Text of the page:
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Sixth season premiere transforms House

“Isn’t that the show about that jerk doctor with the limp?”

This is the response I often get when I say how much I love the Fox program House MD. The show, one of the most respected and awarded on television, began its sixth season Sept. 21. While it is widely known as a medical procedural, House is more often an analysis of the human condition.

The program, which chronicles the life of brilliant, cruel diagnostician Gregory House, (Hugh Laurie), follows one patient with a mysterious illness over the course of each episode. These weekly guest stars provide plenty of drama and medical gross-outs, from bleeding from the ears to Alien Hand Syndrome.

However, the show more closely follows House’s co-workers, which include boss Dr. Cuddy, (Lisa Edelstein), only friend Wilson, (Robert Sean Leonard) and his much abused staff. The interaction between the nine regulars is what drew me to the show – everything from romance to risky surgery is portrayed in an innovative and poignant way.

Despite its famously procedural nature, the shocker of last season’s end prompted creator David Shore to diverge from the usual episode format for the sixth season premiere. House, a Vicodin addict, hits rock bottom after debilitating hallucinations, and is taken to rehab by Wilson.

The sixth season opens with House undergoing withdrawals from Vicodin as he detoxes. Despite his anticipation to return to the hospital, the mental ward staff assures him that a detox is not the only thing necessary: he must want to improve psychologically.

The two-hour episode follows him on this (reluctant) journey, as he fights his cynical and misanthropic nature in order to improve himself. House deals with Alvie, an annoyingly manic roommate, and Dr. Nolan, a very strict psychologist who refuses to give in to House’s demands to retrieve his medical license.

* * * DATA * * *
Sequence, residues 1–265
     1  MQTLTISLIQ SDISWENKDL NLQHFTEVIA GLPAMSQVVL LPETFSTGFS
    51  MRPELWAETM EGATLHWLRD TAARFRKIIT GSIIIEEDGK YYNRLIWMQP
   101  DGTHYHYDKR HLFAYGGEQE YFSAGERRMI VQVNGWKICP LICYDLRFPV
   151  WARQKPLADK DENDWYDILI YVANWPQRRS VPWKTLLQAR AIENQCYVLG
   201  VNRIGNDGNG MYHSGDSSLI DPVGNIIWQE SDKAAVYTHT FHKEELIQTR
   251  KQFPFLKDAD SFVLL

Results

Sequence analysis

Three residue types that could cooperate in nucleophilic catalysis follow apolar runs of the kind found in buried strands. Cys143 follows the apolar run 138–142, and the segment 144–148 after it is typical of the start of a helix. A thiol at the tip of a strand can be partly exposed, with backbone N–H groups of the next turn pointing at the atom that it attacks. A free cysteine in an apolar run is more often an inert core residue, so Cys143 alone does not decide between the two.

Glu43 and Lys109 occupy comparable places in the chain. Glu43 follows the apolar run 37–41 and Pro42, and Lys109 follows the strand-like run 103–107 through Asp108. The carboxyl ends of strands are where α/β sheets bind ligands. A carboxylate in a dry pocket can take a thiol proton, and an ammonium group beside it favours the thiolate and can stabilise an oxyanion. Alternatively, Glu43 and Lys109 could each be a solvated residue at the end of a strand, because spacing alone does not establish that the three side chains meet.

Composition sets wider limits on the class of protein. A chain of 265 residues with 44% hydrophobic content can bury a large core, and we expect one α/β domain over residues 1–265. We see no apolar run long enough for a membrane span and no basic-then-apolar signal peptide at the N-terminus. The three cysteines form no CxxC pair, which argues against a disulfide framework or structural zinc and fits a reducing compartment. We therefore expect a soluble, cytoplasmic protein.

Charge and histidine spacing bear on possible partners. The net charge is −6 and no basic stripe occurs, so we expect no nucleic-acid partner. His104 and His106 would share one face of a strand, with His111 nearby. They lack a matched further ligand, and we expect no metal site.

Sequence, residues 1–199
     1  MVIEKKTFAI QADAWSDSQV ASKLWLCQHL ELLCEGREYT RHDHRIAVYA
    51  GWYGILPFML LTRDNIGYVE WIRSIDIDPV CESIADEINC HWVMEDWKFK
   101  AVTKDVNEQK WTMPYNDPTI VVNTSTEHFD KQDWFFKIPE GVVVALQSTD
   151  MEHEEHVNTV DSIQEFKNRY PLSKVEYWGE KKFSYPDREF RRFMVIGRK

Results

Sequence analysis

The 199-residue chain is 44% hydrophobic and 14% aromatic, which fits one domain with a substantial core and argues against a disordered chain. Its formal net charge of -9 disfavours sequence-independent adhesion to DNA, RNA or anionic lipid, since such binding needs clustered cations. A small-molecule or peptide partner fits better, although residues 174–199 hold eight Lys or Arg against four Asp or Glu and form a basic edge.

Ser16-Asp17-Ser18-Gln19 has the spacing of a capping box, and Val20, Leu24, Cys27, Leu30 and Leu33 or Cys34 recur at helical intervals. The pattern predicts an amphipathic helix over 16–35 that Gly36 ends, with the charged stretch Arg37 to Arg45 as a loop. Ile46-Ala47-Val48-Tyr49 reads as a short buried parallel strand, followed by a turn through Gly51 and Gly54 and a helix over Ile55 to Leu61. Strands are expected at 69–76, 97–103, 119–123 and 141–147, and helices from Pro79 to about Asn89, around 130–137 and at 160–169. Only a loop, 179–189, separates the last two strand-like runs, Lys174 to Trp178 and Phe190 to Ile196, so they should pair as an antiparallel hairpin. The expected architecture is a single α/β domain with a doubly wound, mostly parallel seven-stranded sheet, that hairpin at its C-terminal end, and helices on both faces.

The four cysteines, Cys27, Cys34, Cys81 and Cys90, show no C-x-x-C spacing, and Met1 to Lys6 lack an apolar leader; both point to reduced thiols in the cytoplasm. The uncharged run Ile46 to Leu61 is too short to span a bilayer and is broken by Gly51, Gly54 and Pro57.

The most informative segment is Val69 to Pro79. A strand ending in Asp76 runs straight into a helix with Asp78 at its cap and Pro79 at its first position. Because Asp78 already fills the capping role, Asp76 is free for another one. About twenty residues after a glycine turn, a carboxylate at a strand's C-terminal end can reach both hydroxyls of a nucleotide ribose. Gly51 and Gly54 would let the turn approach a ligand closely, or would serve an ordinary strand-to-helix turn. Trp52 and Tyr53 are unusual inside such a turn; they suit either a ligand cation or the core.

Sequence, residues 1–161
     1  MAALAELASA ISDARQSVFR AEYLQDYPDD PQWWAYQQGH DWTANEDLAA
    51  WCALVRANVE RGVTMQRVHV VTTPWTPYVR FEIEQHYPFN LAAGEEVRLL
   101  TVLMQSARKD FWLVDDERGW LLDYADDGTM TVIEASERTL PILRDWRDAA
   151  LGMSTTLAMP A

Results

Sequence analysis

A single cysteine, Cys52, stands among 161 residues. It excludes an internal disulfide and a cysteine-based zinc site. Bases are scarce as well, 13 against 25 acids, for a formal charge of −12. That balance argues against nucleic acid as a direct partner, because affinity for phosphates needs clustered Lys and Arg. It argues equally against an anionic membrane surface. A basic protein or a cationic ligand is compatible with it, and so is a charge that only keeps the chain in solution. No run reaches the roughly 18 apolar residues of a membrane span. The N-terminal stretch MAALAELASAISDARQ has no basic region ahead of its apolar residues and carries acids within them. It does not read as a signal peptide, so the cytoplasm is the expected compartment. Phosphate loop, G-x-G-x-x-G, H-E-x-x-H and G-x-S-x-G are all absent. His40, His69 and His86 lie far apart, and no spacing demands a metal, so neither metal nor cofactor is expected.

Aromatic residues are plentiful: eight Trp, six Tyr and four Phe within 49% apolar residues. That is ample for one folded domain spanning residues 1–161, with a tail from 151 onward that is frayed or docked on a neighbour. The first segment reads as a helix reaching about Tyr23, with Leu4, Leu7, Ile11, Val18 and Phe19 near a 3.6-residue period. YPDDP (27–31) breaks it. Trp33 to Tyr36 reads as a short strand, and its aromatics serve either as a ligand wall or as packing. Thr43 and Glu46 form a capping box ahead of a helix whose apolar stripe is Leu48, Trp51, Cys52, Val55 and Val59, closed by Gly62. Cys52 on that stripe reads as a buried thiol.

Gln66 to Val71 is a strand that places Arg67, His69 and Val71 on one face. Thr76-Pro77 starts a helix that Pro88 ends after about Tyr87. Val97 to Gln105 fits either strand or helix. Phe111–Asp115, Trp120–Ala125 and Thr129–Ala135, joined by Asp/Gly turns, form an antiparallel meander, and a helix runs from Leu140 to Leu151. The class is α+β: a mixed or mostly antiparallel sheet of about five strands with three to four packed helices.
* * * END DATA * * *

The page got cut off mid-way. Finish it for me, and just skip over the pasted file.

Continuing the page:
Many people have criticized the show for its unlovable main character. However, this episode is a quintessential example of the argument I always present: House is a human underneath his sardonic persona.

Shore and director Katie Jacobs have taken the show through cast changes, broken romances and network demands, and this dramatic change was, as always, handled deftly and with wisdom.

Although House maintains some symptoms of being a prime-time TV show, such as explicit material and constant drama, it also proves that television is not always a mind-numbing medium.

The ethical and relational questions make the show one of the most thought-provoking and profound on TV, as it spans everything from autistic patients to why House cannot form a meaningful relationship.

Despite its reputation for a depressing main character and plot, the new season of House proves that there is merit to its sadness. The episode ends with House, released from the institution, on his way back to the hospital wearing a happy face T-shirt. Shore and Jacobs are always faithful to their characters, and this has obviously paid off with one of the best shows on TV.

House airs on Fox on Mondays at 8 p.m. For more information, check out House at Fox.com.

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